September 12, 2011

Game Table

This post comes from my HackMaster blog, but since it was a project I spent a good amount of time on last week, I thought I'd share it here.

We've moved our game from Boise State University to our home and recently picked up another player.  Last time we gamed at out house I had a large hinged sacrificial table top made of MDF.  That thing weighed a ton, but i was able to fold it up and set it aside in the garage between games.  Unfortunately the MDF got wet and the table warped badly.  I should have sealed it and painted it.  Even if the thing had been sealed and painted, they way it sat on the table led it to be pushed around and if not laid down right the thing would bow in the middle.

We needed more playing room and I thought another tabletop would do.  Since I already had one failed design down, I figured that I could have another go at it and do a much better job.

First attempt at 42x80 tabletop
We have more room in the living room, so the new tabletop can be bigger than the old one was.  My wife and I ventured down to Home Depot with measurements in hand.  I figured that we could fit an eighty inch by forty-two inch in the living room.  Unfortunately I couldn't fit that big of a slab into my FJ40, so we had the particle board cut into roughly forty inch square sections.

Laying out lines for added support
When we got it back home I was able to measure out the dimensions of the kitchen table onto the two pieces.  After pre-drilling some holes I screwed in some two by two supports that keep the sections from sliding around the table.  There is less than a half inch of movement while nestled on the kitchen table, but it isn't as sturdy as I'd like.  The sides only have six inches clearance which is just fine, but the ends are eighteen inches and bend/flex a bit too much.

Added end supports
Sealed and painted
After the game I got some help bringing the unified table out to the driveway where I had set up some sawhorses.  Using the leftover two by twos, I fastened some extra supports for the ends of the table.  I put a good coat of Kilz primer sealer on, followed up by a coat of white semi-gloss I happened to have lying around.

Holes patched with caulk
Top sealed and painted
We flipped the table over and before I painted this side I figured that I would fill the screw holes.  The screws were countersunk and then plastered over with some caulk I had lying around.  I thought I had some wood filler around, but the caulk was going bad and if the table flexed any I didn't want the filler cracking or popping out.  The caulk should hold up.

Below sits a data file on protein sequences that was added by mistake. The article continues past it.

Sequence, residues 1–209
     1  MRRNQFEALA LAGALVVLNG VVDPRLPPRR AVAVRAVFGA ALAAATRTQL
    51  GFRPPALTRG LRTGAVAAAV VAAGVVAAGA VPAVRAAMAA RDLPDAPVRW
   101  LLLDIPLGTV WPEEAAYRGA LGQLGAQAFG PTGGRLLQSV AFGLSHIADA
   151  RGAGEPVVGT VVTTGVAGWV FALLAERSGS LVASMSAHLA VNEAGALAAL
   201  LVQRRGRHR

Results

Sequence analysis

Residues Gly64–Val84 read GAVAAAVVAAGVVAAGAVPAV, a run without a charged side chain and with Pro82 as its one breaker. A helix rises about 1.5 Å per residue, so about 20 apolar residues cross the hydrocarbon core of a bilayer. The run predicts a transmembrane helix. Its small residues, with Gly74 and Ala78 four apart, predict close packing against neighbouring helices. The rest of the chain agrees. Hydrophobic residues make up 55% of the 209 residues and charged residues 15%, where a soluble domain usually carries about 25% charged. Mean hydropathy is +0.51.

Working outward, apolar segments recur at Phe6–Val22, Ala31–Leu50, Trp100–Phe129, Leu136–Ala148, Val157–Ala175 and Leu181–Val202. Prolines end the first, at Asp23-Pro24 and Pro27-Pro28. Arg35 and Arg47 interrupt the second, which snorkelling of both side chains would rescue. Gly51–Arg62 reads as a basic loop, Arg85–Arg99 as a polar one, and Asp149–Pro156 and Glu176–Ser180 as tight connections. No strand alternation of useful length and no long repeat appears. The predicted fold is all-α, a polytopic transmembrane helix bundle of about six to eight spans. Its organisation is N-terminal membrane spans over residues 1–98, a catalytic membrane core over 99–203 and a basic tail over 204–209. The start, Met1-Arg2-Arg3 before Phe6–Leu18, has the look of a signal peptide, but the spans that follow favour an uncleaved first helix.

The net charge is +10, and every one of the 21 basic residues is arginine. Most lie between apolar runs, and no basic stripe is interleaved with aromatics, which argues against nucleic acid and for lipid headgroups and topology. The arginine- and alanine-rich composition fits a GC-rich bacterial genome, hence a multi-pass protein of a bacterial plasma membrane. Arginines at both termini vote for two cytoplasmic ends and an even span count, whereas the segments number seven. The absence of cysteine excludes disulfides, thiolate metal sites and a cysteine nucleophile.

Now that was done, I was able to seal then paint the tabletop.  Easy enough.

Starting the grid design
Halfway done on the grid
To be a real game table though, it needs to have a grid laid on top.  I was planning on using low-tack painter's tape to mark off some of the table to paint with a contrasting color.  Then I'd alternate the tape lines to paint even more of the top such that I'd get a nice checkerboard of 1" squares.  That wasn't going to work.  The tape was too fiddly so I needed another method.  A straight-edge and some Sharpies would do the trick.  I laid out some reference tape, marked it off every inch, and then did the hard work of making the lines.

Completed grid
It was almost painful, but I took my time and got the marks down.  The grid was a little off at the edges so I just left them to be.  If I had tried to square out the grid I think the results would have been shoddy.

All set up in the living room
After the grid came the real fun: six coats of Varathane Spar Varnish.  It turned the white tabletop more of a mottled beige.  I liked the results as it seems more like parchment.  After the sixth coat dried for 24 hours I used some corner supports screwed down over the corners for added protection. They worked like a charm.

The Spar Varnish gives the tabletop a waterproof finish that lets us use wet-erase markers just like the  game mat does.  We have to be careful with the red markers though, just like we do with the game mat.  The only issue is that the table is very glossy.  If the blinds aren't closed, people sitting opposite the window cannot make anything out over the shine.
Notice the shine

No big deal....we'll just put the game mat down.

0 comments: